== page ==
In more than 80 cases, Tennessee parole officers continued to file reports after an offender’s death. That’s according to a new audit from the State Comptroller’s office.
In most cases, the officers didn’t have to make contact with a parolee—they just had to see if their names appeared in arrest records.
In one instance, an officer kept reporting on a parolee, 19 years after his death. The audit says there are only two cases where it appears parole officers deliberately lied about an offender’s status after they died. Auditors found other issues with the parole board, including lax supervision of some sex offenders and inadequate notice of public meetings. Board officials says they will adopt all of the audit’s recommendations for improvement, including requiring officers to regularly check death records.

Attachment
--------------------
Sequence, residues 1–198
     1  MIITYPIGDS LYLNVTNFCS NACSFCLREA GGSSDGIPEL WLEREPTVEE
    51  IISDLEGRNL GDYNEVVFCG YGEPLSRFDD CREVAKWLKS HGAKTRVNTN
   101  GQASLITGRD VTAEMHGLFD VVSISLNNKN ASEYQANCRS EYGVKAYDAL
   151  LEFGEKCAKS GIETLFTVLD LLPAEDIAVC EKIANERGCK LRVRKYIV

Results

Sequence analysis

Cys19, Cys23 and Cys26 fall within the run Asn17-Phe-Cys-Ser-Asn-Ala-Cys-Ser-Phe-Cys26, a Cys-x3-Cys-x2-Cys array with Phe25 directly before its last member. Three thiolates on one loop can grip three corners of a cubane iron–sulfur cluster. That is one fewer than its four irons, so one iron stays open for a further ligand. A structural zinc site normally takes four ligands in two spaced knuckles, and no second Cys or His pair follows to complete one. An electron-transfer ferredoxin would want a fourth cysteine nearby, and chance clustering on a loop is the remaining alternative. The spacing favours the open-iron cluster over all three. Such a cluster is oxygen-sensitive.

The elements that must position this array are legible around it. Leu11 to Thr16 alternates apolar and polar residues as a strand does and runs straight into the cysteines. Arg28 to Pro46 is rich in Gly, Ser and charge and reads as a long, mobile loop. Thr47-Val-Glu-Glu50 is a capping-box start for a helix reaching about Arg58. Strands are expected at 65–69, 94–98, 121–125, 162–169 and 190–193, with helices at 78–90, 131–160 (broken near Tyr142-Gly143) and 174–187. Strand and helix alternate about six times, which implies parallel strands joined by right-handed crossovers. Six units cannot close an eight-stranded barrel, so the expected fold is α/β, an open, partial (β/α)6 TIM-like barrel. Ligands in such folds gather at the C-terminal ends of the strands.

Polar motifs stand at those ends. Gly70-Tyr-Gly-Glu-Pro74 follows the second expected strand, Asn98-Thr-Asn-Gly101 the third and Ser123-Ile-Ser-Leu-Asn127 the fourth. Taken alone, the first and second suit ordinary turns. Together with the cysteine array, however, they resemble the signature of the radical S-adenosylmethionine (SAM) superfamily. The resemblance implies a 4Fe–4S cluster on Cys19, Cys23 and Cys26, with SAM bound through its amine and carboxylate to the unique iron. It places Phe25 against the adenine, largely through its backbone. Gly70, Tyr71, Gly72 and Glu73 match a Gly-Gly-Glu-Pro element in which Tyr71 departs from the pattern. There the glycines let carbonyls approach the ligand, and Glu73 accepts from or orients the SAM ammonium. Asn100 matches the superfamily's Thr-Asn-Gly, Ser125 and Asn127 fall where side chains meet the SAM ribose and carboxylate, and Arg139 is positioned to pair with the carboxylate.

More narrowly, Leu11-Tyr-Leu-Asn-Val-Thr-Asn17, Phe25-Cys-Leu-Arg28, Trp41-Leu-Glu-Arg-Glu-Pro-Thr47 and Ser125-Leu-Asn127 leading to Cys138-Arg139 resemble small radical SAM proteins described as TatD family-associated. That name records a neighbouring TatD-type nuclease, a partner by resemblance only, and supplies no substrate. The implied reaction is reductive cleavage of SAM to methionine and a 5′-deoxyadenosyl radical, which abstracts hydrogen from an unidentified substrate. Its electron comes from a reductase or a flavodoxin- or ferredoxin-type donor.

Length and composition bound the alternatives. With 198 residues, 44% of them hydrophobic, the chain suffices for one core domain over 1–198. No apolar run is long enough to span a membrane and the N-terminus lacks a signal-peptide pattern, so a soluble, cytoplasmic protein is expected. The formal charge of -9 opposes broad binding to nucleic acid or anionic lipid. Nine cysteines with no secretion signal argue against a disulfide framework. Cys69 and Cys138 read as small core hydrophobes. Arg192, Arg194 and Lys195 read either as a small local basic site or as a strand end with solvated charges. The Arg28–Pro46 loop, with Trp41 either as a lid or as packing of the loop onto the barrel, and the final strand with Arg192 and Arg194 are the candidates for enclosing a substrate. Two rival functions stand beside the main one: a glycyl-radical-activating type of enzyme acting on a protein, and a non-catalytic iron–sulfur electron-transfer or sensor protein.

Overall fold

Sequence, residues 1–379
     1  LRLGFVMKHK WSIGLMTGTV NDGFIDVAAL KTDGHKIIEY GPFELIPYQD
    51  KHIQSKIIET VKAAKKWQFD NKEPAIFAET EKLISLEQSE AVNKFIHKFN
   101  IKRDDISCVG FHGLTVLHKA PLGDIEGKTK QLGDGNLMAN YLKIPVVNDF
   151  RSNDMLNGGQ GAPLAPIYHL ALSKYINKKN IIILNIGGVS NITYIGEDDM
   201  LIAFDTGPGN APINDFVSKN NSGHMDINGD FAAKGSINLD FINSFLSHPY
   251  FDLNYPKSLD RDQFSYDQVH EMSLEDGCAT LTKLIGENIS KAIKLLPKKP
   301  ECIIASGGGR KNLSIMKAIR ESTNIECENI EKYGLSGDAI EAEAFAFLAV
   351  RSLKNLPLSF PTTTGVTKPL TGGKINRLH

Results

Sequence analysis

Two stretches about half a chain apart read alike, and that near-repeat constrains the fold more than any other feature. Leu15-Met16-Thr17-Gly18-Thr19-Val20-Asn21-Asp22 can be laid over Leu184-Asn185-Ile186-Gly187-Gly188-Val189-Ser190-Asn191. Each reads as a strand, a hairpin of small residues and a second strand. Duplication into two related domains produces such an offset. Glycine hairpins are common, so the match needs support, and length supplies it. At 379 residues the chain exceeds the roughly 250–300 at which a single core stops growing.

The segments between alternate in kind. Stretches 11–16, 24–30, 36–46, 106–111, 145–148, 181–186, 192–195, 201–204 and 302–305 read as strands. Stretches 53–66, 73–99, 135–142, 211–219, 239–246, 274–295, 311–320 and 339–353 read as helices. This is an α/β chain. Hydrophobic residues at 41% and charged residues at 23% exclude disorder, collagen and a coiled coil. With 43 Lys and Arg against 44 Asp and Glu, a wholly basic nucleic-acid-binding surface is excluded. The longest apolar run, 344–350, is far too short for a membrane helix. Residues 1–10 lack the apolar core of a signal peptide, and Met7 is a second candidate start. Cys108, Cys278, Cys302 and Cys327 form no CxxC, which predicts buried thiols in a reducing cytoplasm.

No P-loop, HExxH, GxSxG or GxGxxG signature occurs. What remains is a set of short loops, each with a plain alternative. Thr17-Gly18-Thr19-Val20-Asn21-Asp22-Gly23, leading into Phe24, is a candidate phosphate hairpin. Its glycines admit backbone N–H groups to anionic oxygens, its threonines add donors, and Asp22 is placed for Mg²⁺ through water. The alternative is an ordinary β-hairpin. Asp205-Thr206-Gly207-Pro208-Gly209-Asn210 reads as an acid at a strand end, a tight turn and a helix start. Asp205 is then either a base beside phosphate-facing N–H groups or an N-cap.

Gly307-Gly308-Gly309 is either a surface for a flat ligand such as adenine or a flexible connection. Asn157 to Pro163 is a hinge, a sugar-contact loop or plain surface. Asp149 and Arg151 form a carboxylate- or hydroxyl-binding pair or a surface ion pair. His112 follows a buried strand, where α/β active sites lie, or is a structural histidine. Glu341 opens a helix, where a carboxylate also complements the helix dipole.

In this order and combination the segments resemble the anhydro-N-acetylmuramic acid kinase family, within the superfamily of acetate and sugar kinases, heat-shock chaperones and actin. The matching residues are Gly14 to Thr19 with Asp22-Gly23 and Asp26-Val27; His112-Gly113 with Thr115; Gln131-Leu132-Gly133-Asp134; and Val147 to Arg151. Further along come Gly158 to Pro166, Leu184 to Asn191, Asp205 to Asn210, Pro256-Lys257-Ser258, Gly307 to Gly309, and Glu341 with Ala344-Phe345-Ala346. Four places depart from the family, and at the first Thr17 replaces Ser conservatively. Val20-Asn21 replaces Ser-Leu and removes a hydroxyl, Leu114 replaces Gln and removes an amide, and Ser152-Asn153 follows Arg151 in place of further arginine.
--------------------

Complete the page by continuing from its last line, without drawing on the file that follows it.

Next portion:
Read the full report here. [PDF]